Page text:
Hatter purchased the car—which he has nicknamed “Lady Gray” for its elegance—in 2004. A previous owner, an experienced vintage car dealer, had some restoration work done on it: repainting with subtle blue pinstripes and installing leather on the front seats. Since he acquired it, Hatter has only added seat belts and front fender mirrors. This will be the 15th year that Hatter will be showing this car at the Laguna Beach show.
Udo Stoeckmann, founder of European Optical in Laguna Beach and another veteran Rotarian, will be showing his 1963 Jaguar Mark 2 luxury sports saloon, a model that was produced from late 1959 to 1967 in Coventry, England, and became famous when featured in the British TV series “Inspector Morse.” Even though his roots are proudly German, Stoeckmann says he owns an English vehicle because, “those cars will look classic forever and, in 1963, they were the fastest coupes on the road.”
Owner of popular Laguna gift store Fawn Memories, George Nelson, says he’s probably entering both his 1946 Ford Woody and Porsche 356 this year. He’s owned the Woody for almost 25 years and thinks it’s been part of the Laguna Beach show every year since its inception. The vehicle was previously owned by another Laguna resident, leading Nelson to believe that the Woody has been in the area for half a century.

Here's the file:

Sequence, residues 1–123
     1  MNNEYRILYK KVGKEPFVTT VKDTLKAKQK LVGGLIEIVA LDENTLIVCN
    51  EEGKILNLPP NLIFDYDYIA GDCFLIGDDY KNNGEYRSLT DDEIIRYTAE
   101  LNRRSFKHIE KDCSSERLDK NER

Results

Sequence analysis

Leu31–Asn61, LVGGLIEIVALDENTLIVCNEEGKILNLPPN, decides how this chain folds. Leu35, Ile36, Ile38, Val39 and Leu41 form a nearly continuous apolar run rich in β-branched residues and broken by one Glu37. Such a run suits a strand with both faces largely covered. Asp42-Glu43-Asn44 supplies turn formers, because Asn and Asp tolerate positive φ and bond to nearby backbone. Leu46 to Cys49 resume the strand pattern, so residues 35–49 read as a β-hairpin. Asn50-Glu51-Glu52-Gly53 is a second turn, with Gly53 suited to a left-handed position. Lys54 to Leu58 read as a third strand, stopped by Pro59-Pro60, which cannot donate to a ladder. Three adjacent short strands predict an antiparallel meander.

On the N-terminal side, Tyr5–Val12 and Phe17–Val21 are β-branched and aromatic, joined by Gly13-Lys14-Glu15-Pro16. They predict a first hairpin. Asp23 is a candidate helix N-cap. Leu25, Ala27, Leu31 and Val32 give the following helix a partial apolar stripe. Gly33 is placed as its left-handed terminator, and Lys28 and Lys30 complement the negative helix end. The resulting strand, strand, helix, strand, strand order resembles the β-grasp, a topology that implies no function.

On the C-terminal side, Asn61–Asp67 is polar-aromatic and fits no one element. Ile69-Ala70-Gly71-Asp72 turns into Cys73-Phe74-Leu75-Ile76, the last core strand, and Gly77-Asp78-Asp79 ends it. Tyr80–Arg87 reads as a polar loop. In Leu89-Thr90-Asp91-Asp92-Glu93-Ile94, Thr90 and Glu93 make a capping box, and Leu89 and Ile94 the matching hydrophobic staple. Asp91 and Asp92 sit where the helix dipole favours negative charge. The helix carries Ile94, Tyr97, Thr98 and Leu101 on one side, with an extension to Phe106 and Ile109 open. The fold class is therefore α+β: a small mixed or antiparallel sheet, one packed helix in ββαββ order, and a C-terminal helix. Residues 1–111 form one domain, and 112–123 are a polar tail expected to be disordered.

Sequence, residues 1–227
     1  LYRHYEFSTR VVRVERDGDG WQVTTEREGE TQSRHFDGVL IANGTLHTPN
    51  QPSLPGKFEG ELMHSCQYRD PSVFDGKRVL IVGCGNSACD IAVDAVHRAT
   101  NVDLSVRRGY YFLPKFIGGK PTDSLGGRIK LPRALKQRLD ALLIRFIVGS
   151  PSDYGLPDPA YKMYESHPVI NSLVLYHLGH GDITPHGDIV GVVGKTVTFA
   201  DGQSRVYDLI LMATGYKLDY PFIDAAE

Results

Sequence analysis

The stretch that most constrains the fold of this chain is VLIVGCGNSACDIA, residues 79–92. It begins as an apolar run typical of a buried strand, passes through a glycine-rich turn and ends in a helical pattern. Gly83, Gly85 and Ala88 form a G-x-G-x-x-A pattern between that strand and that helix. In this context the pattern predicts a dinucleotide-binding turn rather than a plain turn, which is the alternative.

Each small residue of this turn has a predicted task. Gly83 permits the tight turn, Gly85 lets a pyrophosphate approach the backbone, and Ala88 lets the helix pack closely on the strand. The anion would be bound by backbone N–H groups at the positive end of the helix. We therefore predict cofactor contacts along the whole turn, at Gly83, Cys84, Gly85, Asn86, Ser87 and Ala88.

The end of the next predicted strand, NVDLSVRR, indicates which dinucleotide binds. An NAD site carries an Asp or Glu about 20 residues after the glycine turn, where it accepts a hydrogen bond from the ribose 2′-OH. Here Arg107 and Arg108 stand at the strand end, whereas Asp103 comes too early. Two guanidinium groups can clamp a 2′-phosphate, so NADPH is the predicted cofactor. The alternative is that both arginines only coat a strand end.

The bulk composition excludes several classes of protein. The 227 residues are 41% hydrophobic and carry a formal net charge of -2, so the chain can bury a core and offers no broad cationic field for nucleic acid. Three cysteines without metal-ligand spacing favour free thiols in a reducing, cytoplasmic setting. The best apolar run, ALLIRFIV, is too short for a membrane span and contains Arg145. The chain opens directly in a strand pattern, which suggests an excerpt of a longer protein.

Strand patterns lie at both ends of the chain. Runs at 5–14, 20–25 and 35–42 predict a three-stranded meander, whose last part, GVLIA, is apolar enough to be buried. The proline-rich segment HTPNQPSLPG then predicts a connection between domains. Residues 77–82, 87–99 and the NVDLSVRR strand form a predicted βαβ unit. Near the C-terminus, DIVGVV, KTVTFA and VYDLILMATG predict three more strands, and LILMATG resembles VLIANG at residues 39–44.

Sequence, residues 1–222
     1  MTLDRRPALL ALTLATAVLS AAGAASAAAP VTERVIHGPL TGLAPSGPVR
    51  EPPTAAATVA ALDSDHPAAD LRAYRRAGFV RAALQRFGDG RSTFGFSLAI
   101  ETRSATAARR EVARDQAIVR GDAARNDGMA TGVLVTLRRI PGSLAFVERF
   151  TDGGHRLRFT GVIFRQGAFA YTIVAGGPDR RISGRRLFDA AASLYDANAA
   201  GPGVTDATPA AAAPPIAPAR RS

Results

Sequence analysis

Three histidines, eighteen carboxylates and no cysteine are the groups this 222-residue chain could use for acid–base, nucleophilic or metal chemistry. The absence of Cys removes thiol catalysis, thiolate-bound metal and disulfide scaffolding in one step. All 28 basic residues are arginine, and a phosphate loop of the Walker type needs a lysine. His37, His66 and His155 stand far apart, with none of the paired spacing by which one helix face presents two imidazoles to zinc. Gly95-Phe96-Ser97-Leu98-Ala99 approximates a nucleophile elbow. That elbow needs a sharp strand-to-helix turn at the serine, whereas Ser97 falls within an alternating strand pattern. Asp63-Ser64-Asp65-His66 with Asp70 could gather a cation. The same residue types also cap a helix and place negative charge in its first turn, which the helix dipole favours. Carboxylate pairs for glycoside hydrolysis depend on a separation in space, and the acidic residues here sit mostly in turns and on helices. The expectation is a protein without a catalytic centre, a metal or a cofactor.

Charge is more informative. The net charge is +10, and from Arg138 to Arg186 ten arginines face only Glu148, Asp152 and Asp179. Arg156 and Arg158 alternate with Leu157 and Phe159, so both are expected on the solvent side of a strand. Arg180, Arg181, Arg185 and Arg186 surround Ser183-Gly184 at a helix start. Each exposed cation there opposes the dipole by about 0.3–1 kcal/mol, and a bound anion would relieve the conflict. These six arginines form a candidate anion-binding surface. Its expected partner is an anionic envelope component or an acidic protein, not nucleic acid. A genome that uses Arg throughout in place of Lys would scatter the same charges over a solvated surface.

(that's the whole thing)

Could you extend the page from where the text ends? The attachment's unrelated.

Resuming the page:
“My appeal for classic cars started when I was very young,” Nelson says. “Others may buy as an investment or buy on price. But I always say you should buy what you personally like so cars can reflect their owners.”
Nelson participates in a classic car event nearly every week, but the Laguna event is close to his heart because it’s so local. “There are a lot of individuals in town who have classic cars, but are somewhat private. But they always go to this show,” he says.
In addition to showcasing vintage vehicles for attendees to admire, the event helps to make a difference in the community, too, as a variety of charities receive grants from the car show’s proceeds. Each year, the Rotary Club’s Community Service Committee decides which groups will receive funding after looking through applications (available at lagunabeachrotary.org).
Past recipients have included the Boys & Girls Club of Laguna Beach, Laguna Food Pantry, Laguna Outreach for Community Arts, Laguna Beach Community Clinic, Laguna Beach Seniors, Laguna College of Art & Design and Laguna Playhouse.
Another novel feature of the event is that an artist is invited to create a painting inspired by the car show and Laguna each year; this artwork is then auctioned off with half of the proceeds going to the artist and the other half going to the Rotary Club’s selected charities, Bithell explains.
There’s a $45 entry fee for classic cars while admission for the general public is $10 (collected at the event gate), with all proceeds donated to the nonprofit Rotary Club of Laguna Beach Foundation. Each year, the event raises between $15,000 and $25,000 for charities.
The show may have originally been Bithell’s idea, but he is quick to point out that “there are an awful lot of Rotarians that are involved in this and have been over the years. Some have passed because of its 17-year timing, but they have all put in their time and they have really worked hard to make it successful.”
Photos by Ward Blackburn